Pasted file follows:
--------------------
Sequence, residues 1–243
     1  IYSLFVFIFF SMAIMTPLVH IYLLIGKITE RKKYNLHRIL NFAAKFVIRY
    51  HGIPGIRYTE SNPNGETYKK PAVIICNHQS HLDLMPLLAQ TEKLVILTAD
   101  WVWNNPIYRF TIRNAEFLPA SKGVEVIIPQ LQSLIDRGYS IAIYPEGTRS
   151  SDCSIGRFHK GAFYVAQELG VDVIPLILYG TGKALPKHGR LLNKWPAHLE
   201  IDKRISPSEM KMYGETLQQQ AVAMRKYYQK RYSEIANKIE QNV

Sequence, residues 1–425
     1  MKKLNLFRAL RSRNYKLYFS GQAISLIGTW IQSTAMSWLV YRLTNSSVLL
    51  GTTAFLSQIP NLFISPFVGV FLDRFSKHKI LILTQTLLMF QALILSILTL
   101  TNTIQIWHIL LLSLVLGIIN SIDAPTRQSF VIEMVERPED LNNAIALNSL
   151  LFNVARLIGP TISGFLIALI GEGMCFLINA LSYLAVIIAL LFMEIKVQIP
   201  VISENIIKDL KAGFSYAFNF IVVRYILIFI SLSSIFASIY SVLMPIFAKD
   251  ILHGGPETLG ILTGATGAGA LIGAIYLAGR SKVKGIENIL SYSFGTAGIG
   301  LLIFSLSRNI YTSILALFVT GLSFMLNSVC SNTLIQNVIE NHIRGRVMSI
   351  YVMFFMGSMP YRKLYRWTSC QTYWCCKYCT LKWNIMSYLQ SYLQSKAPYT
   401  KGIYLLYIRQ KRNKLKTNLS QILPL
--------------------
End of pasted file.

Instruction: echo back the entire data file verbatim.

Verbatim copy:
Sequence, residues 1–243
     1  IYSLFVFIFF SMAIMTPLVH IYLLIGKITE RKKYNLHRIL NFAAKFVIRY
    51  HGIPGIRYTE SNPNGETYKK PAVIICNHQS HLDLMPLLAQ TEKLVILTAD
   101  WVWNNPIYRF TIRNAEFLPA SKGVEVIIPQ LQSLIDRGYS IAIYPEGTRS
   151  SDCSIGRFHK GAFYVAQELG VDVIPLILYG TGKALPKHGR LLNKWPAHLE
   201  IDKRISPSEM KMYGETLQQQ AVAMRKYYQK RYSEIANKIE QNV

Sequence, residues 1–425
     1  MKKLNLFRAL RSRNYKLYFS GQAISLIGTW IQSTAMSWLV YRLTNSSVLL
    51  GTTAFLSQIP NLFISPFVGV FLDRFSKHKI LILTQTLLMF QALILSILTL
   101  TNTIQIWHIL LLSLVLGIIN SIDAPTRQSF VIEMVERPED LNNAIALNSL
   151  LFNVARLIGP TISGFLIALI GEGMCFLINA LSYLAVIIAL LFMEIKVQIP
   201  VISENIIKDL KAGFSYAFNF IVVRYILIFI SLSSIFASIY SVLMPIFAKD
   251  ILHGGPETLG ILTGATGAGA LIGAIYLAGR SKVKGIENIL SYSFGTAGIG
   301  LLIFSLSRNI YTSILALFVT GLSFMLNSVC SNTLIQNVIE NHIRGRVMSI
   351  YVMFFMGSMP YRKLYRWTSC QTYWCCKYCT LKWNIMSYLQ SYLQSKAPYT
   401  KGIYLLYIRQ KRNKLKTNLS QILPL